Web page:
Yanagihara (The People in the Trees, 2013) takes the still-bold leap of writing about characters who don’t share her background; in addition to being male, JB is African-American, Malcolm has a black father and white mother, Willem is white, and “Jude’s race was undetermined”—deserted at birth, he was raised in a monastery and had an unspeakably traumatic childhood that’s revealed slowly over the course of the book. Two of them are gay, one straight and one bisexual. There isn’t a single significant female character, and for a long novel, there isn’t much plot. There aren’t even many markers of what’s happening in the outside world; Jude moves to a loft in SoHo as a young man, but we don’t see the neighborhood change from gritty artists’ enclave to glitzy tourist destination. What we get instead is an intensely interior look at the friends’ psyches and relationships, and it’s utterly enthralling. The four men think about work and creativity and success and failure; they cook for each other, compete with each other and jostle for each other’s affection. JB bases his entire artistic career on painting portraits of his friends, while Malcolm takes care of them by designing their apartments and houses. When Jude, as an adult, is adopted by his favorite Harvard law professor, his friends join him for Thanksgiving in Cambridge every year. And when Willem becomes a movie star, they all bask in his glow. Eventually, the tone darkens and the story narrows to focus on Jude as the pain of his past cuts deep into his carefully constructed life.The phrase “tour de force” could have been invented for this audacious novel.
Pub Date: March 10, 2015
Page Count: 720
Review Posted Online: Dec. 21, 2014
Kirkus Reviews Issue: Jan. 1, 2015
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by Kristin Hannah ‧ RELEASE DATE: March 1, 2006
Wacky plot keeps the pages turning and enduring schmaltzy romantic sequences.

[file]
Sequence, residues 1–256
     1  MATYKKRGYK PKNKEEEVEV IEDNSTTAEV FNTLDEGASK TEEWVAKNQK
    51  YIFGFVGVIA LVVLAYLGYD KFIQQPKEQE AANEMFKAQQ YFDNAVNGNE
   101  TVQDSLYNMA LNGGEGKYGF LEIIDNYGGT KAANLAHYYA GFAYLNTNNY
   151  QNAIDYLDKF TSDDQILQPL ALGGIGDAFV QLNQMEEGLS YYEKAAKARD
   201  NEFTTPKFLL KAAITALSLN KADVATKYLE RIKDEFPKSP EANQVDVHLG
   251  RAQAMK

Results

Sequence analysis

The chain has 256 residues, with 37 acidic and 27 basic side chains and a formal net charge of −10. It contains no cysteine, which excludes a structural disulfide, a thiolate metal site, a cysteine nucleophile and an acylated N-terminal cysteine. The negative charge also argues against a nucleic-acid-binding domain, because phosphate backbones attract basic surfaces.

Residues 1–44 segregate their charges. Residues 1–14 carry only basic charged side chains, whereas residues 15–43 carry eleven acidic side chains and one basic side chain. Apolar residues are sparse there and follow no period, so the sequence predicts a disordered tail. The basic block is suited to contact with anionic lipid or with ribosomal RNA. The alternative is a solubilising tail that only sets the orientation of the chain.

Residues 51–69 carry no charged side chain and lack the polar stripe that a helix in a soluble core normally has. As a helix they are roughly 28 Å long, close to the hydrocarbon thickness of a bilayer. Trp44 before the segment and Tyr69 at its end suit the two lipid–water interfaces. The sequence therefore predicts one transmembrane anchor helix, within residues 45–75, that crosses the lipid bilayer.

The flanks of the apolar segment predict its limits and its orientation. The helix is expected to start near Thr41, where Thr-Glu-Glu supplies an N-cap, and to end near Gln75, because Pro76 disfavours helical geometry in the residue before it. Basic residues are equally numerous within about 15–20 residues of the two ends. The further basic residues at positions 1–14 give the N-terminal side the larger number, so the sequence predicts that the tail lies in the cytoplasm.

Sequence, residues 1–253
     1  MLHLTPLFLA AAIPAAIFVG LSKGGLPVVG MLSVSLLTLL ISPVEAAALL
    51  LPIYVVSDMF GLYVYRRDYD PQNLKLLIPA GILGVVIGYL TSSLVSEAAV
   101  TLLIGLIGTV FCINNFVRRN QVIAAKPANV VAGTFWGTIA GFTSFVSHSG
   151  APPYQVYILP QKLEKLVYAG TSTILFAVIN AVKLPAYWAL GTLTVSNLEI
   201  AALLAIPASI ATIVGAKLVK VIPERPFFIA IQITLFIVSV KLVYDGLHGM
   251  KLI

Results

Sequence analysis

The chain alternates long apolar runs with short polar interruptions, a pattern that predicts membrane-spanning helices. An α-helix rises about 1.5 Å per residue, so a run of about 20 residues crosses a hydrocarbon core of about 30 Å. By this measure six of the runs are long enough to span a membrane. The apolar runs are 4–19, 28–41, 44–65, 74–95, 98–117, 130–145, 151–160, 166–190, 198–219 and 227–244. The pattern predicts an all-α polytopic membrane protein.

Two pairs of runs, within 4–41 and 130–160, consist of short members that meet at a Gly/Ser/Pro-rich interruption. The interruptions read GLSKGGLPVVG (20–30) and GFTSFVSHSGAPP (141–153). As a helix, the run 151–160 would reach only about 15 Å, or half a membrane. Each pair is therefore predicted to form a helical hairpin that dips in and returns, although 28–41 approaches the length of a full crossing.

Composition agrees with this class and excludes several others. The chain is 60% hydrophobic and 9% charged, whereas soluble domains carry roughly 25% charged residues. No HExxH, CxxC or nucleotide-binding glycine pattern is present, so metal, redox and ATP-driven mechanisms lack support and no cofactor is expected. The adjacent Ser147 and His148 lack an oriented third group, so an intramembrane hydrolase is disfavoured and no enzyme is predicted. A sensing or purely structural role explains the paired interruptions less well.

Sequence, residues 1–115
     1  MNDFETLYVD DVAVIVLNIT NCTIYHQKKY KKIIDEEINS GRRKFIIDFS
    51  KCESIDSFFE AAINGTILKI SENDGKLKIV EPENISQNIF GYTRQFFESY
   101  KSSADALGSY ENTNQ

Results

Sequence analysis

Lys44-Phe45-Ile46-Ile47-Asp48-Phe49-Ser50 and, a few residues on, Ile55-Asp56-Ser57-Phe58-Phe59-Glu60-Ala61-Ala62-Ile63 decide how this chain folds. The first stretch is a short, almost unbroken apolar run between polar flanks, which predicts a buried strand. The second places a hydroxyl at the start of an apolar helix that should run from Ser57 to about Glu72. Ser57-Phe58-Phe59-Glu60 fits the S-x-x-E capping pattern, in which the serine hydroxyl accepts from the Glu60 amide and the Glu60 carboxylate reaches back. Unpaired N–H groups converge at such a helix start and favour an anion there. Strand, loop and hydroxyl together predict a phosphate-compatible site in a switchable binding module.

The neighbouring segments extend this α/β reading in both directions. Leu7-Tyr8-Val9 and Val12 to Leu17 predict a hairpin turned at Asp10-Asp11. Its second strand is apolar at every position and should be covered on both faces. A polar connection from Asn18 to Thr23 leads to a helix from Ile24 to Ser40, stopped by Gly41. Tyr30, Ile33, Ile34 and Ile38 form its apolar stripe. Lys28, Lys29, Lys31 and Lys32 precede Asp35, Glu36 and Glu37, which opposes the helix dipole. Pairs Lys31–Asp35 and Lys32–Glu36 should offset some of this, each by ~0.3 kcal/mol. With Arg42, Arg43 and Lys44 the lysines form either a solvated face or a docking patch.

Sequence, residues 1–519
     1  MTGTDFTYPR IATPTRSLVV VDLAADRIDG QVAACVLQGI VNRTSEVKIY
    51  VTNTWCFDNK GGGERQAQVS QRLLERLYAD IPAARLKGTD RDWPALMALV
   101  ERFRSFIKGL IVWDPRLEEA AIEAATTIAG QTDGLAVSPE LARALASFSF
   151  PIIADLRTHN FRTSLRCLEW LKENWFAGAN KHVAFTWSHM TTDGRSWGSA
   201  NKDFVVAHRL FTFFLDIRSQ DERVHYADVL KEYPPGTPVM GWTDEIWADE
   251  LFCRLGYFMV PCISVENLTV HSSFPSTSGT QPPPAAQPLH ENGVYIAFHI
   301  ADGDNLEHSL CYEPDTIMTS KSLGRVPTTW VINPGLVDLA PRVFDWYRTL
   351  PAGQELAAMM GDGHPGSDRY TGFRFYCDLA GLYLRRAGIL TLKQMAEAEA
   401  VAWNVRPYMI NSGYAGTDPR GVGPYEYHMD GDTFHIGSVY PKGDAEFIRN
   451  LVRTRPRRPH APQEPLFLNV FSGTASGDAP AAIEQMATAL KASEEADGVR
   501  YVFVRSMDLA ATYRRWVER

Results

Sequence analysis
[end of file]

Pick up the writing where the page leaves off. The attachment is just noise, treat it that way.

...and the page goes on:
Sisters work together to solve a child-abandonment case.
Ellie and Julia Cates have never been close. Julia is shy and brainy; Ellie gets by on charm and looks. Their differences must be tossed aside when a traumatized young girl wanders in from the forest into their hometown in Washington. The sisters’ professional skills are put to the test. Julia is a world-renowned child psychologist who has lost her edge. She is reeling from a case that went publicly sour. Though she was cleared of all wrongdoing, Julia’s name was tarnished, forcing her to shutter her Beverly Hills practice. Ellie Barton is the local police chief in Rain Valley, who’s never faced a tougher case. This is her chance to prove she is more than just a fading homecoming queen, but a scarcity of clues and a reluctant victim make locating the girl’s parents nearly impossible. Ellie places an SOS call to her sister; she needs an expert to rehabilitate this wild-child who has been living outside of civilization for years. Confronted with her professional demons, Julia once again has the opportunity to display her talents and salvage her reputation. Hannah (The Things We Do for Love, 2004, etc.) is at her best when writing from the girl’s perspective. The feral wolf-child keeps the reader interested long after the other, transparent characters have grown tiresome. Hannah’s torturously over-written romance passages are stale, but there are surprises in store as the sisters set about unearthing Alice’s past and creating a home for her.Wacky plot keeps the pages turning and enduring schmaltzy romantic sequences.
Pub Date: March 1, 2006
Page Count: 400
Review Posted Online: June 24, 2010
Kirkus Reviews Issue: Dec. 1, 2005